Parental leave is good for business

GOOD businesses understand cost management, but also see the real value in good staff relations, which build up and play out over years.

The returns on investing in staff are not necessarily immediate, but they are substantial.

Whereas many employers take a short-term view of parental leave costs, one of Australia’s biggest companies is looking to the long-term savings and returns. Insurance Australia Group will go further than the Gillard government’s legislated requirement of 18 weeks’ leave at the minimum wage and pay the equivalent of 20 weeks on full pay. IAG deserves praise, if only for having the sense to act out of enlightened self-interest.

IAG, which underwrites about $8 billion of insurance premiums a year through brands such as RACV, NRMA, CGU and SGIO, is frank about the need to retain skilled female staff in the prime of their careers. Women make up about half of its 9000-strong Australian workforce. Employers face increasingly fierce competition for skilled workers. IAG believes having one of the most generous private-sector maternity leave programs creates a competitive advantage in attracting and retaining such workers.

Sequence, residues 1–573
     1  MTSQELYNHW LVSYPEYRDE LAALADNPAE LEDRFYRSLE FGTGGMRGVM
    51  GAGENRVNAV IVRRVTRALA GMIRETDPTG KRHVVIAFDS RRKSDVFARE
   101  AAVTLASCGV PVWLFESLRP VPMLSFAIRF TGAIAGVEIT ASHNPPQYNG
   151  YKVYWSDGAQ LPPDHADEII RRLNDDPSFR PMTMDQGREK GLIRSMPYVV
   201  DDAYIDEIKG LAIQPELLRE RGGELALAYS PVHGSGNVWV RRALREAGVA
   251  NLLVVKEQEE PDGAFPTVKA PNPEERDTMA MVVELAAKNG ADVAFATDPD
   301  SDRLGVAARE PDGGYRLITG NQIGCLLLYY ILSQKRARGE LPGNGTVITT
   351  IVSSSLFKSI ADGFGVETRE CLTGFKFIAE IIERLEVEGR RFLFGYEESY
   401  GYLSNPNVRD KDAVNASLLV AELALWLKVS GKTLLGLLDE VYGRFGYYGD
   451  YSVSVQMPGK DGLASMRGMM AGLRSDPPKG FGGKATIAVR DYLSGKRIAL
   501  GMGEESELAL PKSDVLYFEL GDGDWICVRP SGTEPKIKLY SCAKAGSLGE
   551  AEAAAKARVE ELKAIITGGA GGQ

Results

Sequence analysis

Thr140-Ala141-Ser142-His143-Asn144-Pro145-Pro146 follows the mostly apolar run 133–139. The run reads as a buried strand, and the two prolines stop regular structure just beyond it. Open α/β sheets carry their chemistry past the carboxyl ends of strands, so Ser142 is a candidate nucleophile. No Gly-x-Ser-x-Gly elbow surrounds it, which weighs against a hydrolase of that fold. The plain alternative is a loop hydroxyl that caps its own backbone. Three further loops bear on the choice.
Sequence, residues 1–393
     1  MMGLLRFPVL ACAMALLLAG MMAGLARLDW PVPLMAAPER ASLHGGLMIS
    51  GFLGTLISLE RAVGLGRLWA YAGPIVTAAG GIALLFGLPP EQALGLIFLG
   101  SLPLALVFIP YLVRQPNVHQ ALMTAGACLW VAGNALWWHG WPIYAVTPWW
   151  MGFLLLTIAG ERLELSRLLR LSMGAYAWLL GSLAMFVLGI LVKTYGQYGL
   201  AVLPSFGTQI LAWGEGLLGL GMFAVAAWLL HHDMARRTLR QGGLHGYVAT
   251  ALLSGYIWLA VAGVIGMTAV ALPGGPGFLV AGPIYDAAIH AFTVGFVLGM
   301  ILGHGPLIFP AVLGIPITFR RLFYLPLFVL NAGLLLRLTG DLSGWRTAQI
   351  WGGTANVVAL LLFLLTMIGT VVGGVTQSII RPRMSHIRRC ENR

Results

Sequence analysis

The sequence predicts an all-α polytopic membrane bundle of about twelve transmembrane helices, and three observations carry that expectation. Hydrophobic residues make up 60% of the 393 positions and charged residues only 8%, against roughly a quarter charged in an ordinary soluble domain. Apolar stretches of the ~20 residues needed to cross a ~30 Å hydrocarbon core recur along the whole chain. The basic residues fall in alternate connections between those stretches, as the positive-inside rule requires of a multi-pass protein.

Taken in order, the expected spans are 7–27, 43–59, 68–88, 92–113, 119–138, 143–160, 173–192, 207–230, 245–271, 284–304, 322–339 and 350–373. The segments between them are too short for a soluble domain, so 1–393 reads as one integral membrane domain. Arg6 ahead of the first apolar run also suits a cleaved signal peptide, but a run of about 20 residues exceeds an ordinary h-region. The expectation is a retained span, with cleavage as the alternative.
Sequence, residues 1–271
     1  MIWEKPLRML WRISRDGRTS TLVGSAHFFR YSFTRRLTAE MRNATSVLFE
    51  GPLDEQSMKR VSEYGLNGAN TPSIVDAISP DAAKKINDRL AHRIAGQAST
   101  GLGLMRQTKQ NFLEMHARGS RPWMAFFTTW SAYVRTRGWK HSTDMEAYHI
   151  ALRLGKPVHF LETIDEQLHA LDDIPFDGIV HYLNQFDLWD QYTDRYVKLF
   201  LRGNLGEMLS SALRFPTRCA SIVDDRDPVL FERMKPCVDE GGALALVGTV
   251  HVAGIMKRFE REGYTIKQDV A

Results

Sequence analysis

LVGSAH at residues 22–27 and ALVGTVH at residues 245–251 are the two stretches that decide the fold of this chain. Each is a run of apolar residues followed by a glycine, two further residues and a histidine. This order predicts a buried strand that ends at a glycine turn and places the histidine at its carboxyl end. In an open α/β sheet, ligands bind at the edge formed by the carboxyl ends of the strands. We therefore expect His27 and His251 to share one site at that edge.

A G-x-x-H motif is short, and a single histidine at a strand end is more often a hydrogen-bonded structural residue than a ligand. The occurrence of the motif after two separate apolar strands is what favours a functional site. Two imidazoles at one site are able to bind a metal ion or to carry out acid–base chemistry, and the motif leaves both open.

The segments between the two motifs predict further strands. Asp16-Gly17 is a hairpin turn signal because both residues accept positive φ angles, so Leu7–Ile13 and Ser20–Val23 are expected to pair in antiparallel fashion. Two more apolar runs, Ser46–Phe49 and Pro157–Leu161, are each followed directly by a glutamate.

A decade ago, when The Age called for Australia to follow New Zealand’s recent creation of a parental leave scheme, the Australian Catholic University stood out as the shining exception to the national rule. Two-thirds of female employees had no access to paid maternity leave. The university may have felt a particular duty to be a family-friendly employer, but IAG rightly sees this as good business practice, too. ”We need to be above the minimum because we want to make sure we attract and retain the best-quality talent we can,” says chief executive Mike Wilkins. ”Yes, it’s generous, but we’re a business and it is about making sure we get quality people coming back to us.”

Double pay for the first six weeks back at work will help overcome significant costs such as childcare encountered by women returning to work, according to Mr Wilkins. The scheme is generous, but not unjustifiably so. Indeed, as IAG saves on recruiting and training costs, the scheme is expected to be ”cost neutral”.

Other employers – especially small businesses – may have less capacity to manage the costs and complexities of parental leave; that is why a national scheme needs a publicly funded component. IAG, though, has set an enlightened example and deserves to reap the business benefits of looking just a little further ahead than its private-sector peers. If more businesses took a long-term view of investing in people, all Australians would be better off.

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